Edward E. Roseman harbored no illusions about serving as foreman of the 1986-87 Los Angeles County Grand Jury.
Having done his research, the 72-year-old Sherman Oaks man knew it has been a long time since editors depended on the actions of the grand jury to sell newspapers.
Ever since a 1978 California Supreme Court ruling that gave people the right to a preliminary hearing even after indictment, the amount of grand jury time spent on criminal cases has been drastically reduced.
It was precisely the power to indict that in the past guaranteed screaming headlines for successive grand juries.
But these days, 80% of the grand jury's work involves investigating city and county government and special districts of local government, according to a 1985 pamphlet distributed by the county.
As outlined in the final report of the 1986-87 grand jury, this includes reporting on the management policies and fiscal operations of county offices and departments, cities, joint-power agencies and special purpose assessment and taxing districts within the county.
Not exactly sensational stuff, but Roseman couldn't have cared less.
"There was always something to do," said Roseman, whose one-year stint on the grand jury concluded last summer. "There are more important things than sexy murder cases."
Roseman helped persuade his 22 fellow jurors to investigate a number of areas, including Skid Row housing, availability of health-care services in the county and the management of the Weingart Center, a downtown facility that provides health-care services and alcoholism rehabilitation. Under Roseman's guidance, they also reinstituted a policy of issuing interim reports, a way to ensure that the Board of Supervisors acted swiftly on grand jury recommendations.
"We were able to see results without having to wait 90 days," Roseman said.
Perhaps Roseman's proudest moment occurred when he and other jurors returned to the Weingart Center and saw that their proposals for organizing its programs and budget had been implemented.
The grand jury's final report, which runs 187 pages, is filled with ideas for improving county government, agencies, institutions.
"I think all our egos were enlarged by leaving a little mark on the community," Roseman said.
The 1986-87 grand jury even took the time to write a report that offered advice to its successor. As a result, Roseman said, "this grand jury should be a better grand jury than we were."
Roseman not only played a key role in setting the grand jury's agenda, but he also kept peace among jurors. It was not uncommon for 23 opinionated people to disagree on subjects to pursue, or on setting goals.
By all indications Roseman, who was vice-president of Abbey Rents before he retired, displayed the negotiating skills of a veteran diplomat.
"He was a very gentle man, and a gentleman," said juror Concepcion Minsky. "He tried his best to keep the jury together."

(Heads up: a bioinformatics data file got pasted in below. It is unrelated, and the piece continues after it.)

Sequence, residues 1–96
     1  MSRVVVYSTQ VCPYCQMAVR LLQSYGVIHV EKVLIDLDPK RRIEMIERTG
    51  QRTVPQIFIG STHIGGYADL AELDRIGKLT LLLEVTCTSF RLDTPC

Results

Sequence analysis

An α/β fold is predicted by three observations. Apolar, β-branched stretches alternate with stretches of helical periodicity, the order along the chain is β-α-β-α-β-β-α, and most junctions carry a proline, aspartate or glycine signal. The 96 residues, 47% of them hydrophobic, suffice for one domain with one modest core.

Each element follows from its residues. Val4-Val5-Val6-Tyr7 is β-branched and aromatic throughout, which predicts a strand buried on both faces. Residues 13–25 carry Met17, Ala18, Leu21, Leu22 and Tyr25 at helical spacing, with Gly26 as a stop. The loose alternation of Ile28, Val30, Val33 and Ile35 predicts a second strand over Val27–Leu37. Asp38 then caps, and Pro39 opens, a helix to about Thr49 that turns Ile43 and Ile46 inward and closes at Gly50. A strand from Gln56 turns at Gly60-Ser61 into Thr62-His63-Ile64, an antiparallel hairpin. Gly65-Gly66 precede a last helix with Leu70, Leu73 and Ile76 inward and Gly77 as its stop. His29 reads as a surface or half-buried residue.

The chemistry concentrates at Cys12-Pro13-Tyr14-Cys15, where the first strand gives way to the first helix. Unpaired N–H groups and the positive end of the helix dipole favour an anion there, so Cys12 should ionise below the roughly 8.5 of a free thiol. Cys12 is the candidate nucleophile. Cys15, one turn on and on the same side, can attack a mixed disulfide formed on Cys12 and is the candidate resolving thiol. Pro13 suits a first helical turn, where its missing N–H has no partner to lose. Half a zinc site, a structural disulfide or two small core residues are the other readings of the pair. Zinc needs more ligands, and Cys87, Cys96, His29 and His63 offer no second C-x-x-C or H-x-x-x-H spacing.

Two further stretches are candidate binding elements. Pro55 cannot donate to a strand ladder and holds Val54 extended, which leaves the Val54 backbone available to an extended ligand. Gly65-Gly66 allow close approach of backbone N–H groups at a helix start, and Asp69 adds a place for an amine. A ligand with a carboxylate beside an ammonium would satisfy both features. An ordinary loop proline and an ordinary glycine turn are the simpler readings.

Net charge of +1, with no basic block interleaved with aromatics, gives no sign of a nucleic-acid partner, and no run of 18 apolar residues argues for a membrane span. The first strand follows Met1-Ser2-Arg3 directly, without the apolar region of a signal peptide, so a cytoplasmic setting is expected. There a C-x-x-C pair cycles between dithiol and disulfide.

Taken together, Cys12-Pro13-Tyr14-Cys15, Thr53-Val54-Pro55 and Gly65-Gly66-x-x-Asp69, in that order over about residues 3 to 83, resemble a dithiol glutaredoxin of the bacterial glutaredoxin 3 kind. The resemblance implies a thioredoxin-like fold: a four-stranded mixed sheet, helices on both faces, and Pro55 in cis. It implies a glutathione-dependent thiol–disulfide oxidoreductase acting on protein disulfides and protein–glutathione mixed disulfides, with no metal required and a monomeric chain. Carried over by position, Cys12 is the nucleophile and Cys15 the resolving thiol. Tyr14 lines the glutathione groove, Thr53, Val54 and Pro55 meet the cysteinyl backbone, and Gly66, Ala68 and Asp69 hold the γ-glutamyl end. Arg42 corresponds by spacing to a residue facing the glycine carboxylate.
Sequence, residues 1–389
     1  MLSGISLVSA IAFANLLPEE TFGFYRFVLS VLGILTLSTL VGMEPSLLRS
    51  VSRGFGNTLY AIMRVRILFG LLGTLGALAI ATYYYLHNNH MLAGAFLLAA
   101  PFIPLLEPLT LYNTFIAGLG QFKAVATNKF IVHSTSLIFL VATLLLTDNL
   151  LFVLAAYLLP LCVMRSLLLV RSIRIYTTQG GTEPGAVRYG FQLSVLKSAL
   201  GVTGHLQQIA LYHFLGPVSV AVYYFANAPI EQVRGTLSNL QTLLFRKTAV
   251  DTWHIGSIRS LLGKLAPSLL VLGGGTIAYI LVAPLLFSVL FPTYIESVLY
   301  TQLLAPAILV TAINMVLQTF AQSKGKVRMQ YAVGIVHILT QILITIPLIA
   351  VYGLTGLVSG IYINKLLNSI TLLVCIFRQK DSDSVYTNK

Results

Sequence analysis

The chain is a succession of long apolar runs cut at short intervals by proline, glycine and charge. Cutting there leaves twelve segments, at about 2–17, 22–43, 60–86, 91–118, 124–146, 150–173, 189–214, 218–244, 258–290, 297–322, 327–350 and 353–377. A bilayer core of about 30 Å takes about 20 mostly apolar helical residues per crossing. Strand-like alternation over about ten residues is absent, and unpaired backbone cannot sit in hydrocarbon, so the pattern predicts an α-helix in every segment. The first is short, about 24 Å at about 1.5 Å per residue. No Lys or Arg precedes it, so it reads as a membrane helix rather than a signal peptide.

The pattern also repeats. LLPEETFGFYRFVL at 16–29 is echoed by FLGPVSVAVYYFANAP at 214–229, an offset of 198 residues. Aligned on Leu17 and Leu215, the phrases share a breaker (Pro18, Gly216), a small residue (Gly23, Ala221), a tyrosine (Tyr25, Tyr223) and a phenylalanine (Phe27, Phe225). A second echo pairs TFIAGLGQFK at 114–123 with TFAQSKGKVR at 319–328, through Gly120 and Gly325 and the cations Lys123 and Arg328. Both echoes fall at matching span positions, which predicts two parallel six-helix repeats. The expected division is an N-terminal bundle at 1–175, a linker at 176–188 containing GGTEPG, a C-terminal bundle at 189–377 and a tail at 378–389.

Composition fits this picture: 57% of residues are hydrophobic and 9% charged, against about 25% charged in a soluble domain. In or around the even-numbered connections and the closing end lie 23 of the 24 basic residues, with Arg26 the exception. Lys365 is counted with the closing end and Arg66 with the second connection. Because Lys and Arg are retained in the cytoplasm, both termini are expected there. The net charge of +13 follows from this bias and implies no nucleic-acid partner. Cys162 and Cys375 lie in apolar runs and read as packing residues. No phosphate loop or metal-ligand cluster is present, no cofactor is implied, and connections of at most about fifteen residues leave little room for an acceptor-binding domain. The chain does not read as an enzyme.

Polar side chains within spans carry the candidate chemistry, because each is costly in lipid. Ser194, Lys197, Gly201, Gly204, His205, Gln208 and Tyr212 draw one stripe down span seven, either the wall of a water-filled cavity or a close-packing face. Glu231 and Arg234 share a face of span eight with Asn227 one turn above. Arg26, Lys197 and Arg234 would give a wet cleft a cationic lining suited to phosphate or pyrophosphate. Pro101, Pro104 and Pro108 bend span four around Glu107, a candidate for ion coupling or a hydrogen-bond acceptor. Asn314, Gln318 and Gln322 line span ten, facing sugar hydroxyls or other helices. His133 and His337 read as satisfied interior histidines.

Only once did events reach the point of high drama.
Roseman confronted a juror responsible for leaking information about a rape case investigation to the press. In a tense meeting, Roseman criticized the man for making public what the foreman believes should always remain private.
"I felt the entire jury was embarrassed by his actions," Roseman said. The chastised juror eventually resigned.
These were among the things that the hours of orientation provided by supervisors and assistant district attorneys did not specifically address. Still, Roseman said, "I looked forward to going downtown every day."
Must Be Serious
Just to make a commitment to serve on the grand jury indicates a seriousness of purpose.
Roseman, happily retired for five years, had to readjust to a life of 7:30 a.m. freeway traffic jams, bureaucratic hassles and hard work. The financial compensation is minimal--$25 per day plus free mileage and free parking at the downtown Criminal Courts Building, where the grand jury meets.
He admitted there were some inconveniences. "I was not particularly keen on getting up so early," he said.
Roseman became a grand juror for the same reason people 50 years younger--and with less time on their hands and fewer dollars in the bank--embrace social and political causes.
"I believe we owe more than lip service to the community," he said.
About 18 months ago he sought Van Nuys Superior Court Judge Irwin J. Nebron to discuss serving on the grand jury. Nebron subsequently nominated Roseman.
The process did not end there. From a list of 200 or more people nominated by Superior Court judges around the county, the county clerk selects 40 names by lottery.
After this group has been screened by law enforcement agencies, a second drawing takes place and the final 23 jurors and four alternates are chosen. It's all a matter of luck.
Becoming foreman is different. Roseman had no initial desire to serve in the position, but he began to get noticed when he prowled the Criminal Courts Building to learn about the grand jury.